|Title||How thioredoxin dissociates its mixed disulfide.|
|Publication Type||Journal Article|
|Year of Publication||2009|
|Authors||Roos, G., N. Foloppe, K. Van Laer, L. Wyns, L. Nilsson, P. Geerlings, and J. Messens|
|Journal||PLoS Comput Biol|
|Date Published||2009 Aug|
|Type of Article||redox|
|Keywords||Arsenate Reductases, Computer Simulation, Cysteine, Disulfides, Kinetics, Linear Models, Models, Chemical, Models, Molecular, Oxidation-Reduction, Protein Conformation, Sulfhydryl Compounds, Thioredoxins|
The dissociation mechanism of the thioredoxin (Trx) mixed disulfide complexes is unknown and has been debated for more than twenty years. Specifically, opposing arguments for the activation of the nucleophilic cysteine as a thiolate during the dissociation of the complex have been put forward. As a key model, the complex between Trx and its endogenous substrate, arsenate reductase (ArsC), was used. In this structure, a Cys29(Trx)-Cys89(ArsC) intermediate disulfide is formed by the nucleophilic attack of Cys29(Trx) on the exposed Cys82(ArsC)-Cys89(ArsC) in oxidized ArsC. With theoretical reactivity analysis, molecular dynamics simulations, and biochemical complex formation experiments with Cys-mutants, Trx mixed disulfide dissociation was studied. We observed that the conformational changes around the intermediate disulfide bring Cys32(Trx) in contact with Cys29(Trx). Cys32(Trx) is activated for its nucleophilic attack by hydrogen bonds, and Cys32(Trx) is found to be more reactive than Cys82(ArsC). Additionally, Cys32(Trx) directs its nucleophilic attack on the more susceptible Cys29(Trx) and not on Cys89(ArsC). This multidisciplinary approach provides fresh insights into a universal thiol/disulfide exchange reaction mechanism that results in reduced substrate and oxidized Trx.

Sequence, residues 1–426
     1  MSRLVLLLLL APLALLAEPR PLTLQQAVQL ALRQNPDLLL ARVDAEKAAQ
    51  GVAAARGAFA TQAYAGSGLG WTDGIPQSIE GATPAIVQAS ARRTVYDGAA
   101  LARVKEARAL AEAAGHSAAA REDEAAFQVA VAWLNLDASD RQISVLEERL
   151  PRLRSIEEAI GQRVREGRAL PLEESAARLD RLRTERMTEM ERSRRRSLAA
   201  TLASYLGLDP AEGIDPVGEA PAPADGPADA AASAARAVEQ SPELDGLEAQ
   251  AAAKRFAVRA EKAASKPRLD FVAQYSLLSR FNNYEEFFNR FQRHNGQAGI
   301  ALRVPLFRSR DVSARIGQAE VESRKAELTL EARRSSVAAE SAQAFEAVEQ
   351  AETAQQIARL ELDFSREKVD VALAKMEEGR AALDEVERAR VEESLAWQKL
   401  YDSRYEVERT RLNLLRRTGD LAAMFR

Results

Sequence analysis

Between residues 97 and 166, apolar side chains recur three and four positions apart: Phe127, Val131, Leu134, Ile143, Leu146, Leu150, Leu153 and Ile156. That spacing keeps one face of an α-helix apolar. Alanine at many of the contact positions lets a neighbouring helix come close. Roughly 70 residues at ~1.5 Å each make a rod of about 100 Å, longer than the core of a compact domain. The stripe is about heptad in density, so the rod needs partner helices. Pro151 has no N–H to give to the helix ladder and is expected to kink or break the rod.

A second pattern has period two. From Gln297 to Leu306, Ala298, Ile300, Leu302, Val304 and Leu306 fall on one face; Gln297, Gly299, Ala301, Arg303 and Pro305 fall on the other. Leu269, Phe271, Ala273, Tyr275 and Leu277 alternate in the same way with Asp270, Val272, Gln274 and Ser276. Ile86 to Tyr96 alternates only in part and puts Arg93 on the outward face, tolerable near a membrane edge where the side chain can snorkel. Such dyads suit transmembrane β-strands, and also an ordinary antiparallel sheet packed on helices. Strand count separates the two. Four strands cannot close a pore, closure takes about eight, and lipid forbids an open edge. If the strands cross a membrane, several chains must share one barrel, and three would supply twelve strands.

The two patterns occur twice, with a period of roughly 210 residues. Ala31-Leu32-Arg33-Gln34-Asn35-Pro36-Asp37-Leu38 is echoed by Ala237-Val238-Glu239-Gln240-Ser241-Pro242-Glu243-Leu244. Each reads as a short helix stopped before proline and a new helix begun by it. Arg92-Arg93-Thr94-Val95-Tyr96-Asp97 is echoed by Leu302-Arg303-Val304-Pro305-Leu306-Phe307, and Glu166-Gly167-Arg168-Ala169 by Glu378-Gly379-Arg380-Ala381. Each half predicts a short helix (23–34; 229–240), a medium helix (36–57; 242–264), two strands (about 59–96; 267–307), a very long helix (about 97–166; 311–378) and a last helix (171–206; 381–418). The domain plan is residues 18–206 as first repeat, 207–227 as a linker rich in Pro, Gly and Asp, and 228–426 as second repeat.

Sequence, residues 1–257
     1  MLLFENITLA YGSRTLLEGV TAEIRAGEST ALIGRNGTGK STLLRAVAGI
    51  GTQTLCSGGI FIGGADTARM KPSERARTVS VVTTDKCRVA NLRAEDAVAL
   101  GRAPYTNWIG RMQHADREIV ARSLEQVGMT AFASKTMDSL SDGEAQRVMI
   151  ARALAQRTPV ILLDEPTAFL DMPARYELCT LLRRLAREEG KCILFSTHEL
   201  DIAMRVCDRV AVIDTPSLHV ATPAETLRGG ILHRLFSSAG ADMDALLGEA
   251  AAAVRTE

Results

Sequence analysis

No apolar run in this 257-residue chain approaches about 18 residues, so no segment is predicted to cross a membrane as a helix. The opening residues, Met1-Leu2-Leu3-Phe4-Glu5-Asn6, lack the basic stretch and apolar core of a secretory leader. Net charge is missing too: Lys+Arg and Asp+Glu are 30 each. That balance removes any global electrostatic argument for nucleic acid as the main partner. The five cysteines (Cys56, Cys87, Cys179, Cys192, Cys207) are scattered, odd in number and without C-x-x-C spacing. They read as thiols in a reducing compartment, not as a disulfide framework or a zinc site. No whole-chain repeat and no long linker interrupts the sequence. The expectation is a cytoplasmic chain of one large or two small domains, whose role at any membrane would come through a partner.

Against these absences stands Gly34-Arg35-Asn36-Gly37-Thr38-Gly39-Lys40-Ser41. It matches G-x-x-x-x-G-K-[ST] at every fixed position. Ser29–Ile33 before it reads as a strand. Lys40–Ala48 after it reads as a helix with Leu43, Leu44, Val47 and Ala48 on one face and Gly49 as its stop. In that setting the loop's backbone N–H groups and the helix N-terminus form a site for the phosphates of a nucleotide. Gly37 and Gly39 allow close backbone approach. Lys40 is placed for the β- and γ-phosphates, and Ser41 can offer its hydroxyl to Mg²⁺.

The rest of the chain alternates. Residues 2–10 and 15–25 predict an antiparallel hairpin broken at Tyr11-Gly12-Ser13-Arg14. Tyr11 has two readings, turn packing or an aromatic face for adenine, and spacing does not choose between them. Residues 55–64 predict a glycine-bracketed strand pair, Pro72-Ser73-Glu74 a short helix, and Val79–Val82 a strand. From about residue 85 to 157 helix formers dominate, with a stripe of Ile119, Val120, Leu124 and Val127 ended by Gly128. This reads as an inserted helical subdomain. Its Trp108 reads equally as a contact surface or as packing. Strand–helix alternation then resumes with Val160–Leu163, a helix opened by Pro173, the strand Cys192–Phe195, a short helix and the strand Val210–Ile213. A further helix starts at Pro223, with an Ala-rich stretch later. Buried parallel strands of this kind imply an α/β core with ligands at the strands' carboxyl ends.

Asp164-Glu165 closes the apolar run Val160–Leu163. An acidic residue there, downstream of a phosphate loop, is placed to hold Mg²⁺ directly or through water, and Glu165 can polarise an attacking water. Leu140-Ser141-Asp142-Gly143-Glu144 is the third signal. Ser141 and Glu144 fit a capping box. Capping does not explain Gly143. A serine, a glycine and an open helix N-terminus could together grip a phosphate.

|Alternate Journal||PLoS Comput. Biol.|
|PubMed Central ID||PMC2714181|
How thioredoxin dissociates its mixed disulfide.